Maui History Facts and Timeline
(Maui, Hawaii - HI, USA)
Heavily populated in the 21st century, the Hawaiian island of Maui has a history of settlement dating back to around 600 AD. It was at this time that Pacific islanders from both Tahiti and the Marquesas archipelago, situated over 2,000 miles / 3,220 km to the south, arrived by double-hulled canoe.
The islanders brought with them a strong culture and tools for their new life, including much livestock and staple crops such as coconuts, taro, sugar cane, sweet potatoes and various fruits. Legend suggests that the island of Maui was named after the eldest son of Hawai'iloa, the Polynesian navigator who brought his people here over countless miles of empty ocean.
Early Days and First Recorded History
On arrival, the new settlers introduced the kapu system of religious social order, forming the core of Hawaiian culture and covering all aspects of life on the islands. With previous events, wars and genealogy passed down in the form of chants through many generations, modern, recorded Hawaiian history on Maui only began around the mid-18th century. An invasion by King Kamehameha I in 1790 was part of his unification of the islands into one nation. His first attempt failed, but a second invasion resulted in Maui being drawn into the expanded nation.
The famous English mariner-explorer Captain James Cook was the first European to spot Maui, but was unable to find a landing place, with the honor of the first European to actually set foot on the island going to an admiral in the French Navy, Jean-Francois de la Perouse.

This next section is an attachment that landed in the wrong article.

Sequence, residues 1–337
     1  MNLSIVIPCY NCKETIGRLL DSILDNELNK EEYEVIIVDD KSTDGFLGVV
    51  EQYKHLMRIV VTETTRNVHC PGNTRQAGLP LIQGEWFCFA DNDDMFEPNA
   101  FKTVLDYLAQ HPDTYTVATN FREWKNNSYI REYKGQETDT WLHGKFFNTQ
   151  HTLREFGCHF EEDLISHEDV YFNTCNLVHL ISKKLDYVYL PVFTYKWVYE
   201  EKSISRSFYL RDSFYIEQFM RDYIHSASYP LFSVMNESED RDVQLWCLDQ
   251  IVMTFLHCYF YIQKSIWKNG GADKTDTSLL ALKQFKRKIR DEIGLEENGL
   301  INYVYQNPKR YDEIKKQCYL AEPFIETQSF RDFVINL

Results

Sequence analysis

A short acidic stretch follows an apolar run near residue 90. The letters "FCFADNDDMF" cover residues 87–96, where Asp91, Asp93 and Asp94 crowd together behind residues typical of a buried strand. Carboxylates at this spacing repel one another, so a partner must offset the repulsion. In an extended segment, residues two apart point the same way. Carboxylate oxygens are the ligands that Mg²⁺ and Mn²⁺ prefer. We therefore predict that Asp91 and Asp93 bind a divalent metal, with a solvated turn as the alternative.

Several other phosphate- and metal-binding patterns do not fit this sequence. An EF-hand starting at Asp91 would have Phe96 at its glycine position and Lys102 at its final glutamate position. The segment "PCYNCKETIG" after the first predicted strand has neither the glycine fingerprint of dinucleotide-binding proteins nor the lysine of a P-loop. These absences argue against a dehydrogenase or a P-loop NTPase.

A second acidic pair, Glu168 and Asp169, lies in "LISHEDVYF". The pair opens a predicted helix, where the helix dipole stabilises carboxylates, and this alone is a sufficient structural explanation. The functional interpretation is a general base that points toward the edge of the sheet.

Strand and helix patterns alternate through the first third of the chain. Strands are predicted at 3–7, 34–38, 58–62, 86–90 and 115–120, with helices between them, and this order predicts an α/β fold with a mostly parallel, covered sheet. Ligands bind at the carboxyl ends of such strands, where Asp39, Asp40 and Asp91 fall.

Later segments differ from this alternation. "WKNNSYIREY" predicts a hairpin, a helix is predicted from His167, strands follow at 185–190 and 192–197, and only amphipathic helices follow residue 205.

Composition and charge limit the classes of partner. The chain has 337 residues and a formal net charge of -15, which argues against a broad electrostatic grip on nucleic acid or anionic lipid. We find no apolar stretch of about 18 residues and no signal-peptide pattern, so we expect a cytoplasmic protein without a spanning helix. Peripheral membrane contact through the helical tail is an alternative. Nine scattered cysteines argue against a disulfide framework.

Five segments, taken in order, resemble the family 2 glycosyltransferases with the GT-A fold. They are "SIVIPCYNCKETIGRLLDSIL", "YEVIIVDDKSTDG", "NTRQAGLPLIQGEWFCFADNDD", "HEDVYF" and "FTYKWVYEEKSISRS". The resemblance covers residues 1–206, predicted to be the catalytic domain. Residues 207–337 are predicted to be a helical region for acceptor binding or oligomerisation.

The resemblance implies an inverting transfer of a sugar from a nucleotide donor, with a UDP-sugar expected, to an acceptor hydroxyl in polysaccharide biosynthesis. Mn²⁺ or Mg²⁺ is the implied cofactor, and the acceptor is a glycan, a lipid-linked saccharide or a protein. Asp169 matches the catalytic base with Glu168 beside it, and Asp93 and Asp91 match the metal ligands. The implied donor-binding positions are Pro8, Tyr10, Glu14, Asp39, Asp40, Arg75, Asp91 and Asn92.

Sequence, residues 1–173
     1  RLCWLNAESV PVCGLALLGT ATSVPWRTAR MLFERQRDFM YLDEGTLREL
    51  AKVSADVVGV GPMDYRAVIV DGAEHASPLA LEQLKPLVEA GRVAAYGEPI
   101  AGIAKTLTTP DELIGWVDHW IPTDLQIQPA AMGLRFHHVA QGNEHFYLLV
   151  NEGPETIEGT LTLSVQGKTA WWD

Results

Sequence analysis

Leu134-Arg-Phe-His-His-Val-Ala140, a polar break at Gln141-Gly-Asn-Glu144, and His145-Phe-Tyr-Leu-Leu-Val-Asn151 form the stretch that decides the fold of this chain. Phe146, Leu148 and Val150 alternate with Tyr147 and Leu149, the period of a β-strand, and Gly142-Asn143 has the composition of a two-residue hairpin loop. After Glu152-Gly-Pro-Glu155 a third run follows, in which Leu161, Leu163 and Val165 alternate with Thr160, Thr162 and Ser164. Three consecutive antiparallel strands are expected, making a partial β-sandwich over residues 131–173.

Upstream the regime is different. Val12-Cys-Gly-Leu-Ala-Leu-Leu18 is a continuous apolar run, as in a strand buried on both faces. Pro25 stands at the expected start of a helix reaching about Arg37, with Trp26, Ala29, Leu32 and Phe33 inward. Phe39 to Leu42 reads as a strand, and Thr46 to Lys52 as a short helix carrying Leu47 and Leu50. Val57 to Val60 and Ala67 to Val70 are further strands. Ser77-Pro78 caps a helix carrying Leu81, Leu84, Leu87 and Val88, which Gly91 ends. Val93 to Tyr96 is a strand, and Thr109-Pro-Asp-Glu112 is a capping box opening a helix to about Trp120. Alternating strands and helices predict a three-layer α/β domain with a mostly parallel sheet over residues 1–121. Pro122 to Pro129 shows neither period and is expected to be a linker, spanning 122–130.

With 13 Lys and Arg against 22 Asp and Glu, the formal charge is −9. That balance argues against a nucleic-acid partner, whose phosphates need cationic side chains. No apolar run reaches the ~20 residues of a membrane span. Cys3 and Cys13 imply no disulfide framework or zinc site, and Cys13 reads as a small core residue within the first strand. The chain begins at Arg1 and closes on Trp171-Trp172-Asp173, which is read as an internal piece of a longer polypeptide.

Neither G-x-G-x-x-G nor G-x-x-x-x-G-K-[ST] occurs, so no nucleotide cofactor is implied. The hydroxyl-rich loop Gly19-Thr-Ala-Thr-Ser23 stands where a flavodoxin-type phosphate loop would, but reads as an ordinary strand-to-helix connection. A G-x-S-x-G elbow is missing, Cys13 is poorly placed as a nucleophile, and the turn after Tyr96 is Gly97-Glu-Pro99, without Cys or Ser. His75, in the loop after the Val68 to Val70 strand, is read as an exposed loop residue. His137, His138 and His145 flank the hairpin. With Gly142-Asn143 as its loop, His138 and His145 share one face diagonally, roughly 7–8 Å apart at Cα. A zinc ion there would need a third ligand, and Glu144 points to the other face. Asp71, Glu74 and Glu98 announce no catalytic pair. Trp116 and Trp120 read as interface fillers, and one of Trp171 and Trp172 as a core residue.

The bay where he landed in 1786 is named La Perouse Bay. Within a short time of his arrival, traders, whalers and loggers searching out precious, fragrant sandalwood were hard on his heels. New England missionaries took a little longer to get here, arriving in 1823 and settling in the then island capital of Lahaina.
Ironically, this last invasion in the name of Christianity both changed and incorporated local culture and the ongoing history of Maui. Converts were forced into modest clothing and the sensual hula dance forbidden, while a Hawaiian alphabet was created, preserving the island's history and language. The first mission school in Lahaina is still in existence, having opened in 1831. However, given that Lahaina was at that time a shipping hub, with at least 100 of the 400 Pacific whaling ships berthed here at any one time, missionary attempts to shut down the crowded bars and brothels fell on deaf ears.
Annexation and Yet More Change
By the end of the 19th century, petroleum was replacing whale oil as the fuel of choice, and the former economically important sugar cane plantations began experiencing labor disputes in the early years of the 20th century. By this point, rule by the Hawaiian kings was a distant memory, with the important Kamehameha Dynasty having ended in 1872 and the institution of the monarchy overthrown a year later, creating a brief period in Maui history when the island was a republic. Maui, along with the rest of the archipelago, was annexed by the USA in 1898 and Hawaii finally became a state of the union in 1959.
WWII and Post-war Era
After the American entry into WWII following Imperial Japan's attack on Oahu's Pearl Harbor in 1941, Maui played a positive role in the war's Pacific Theater, with the island's US Army training bases, staging centers and rest and relaxation areas central to the war effort in the region.
Between 1943 and 1944, more than 100,000 soldiers were temporarily based on the island awaiting deployment, and the beaches were used for practicing landings, demolition and sabotage. Nowadays, the island of Maui is a hub for retirees from the USA and tourists from across the world.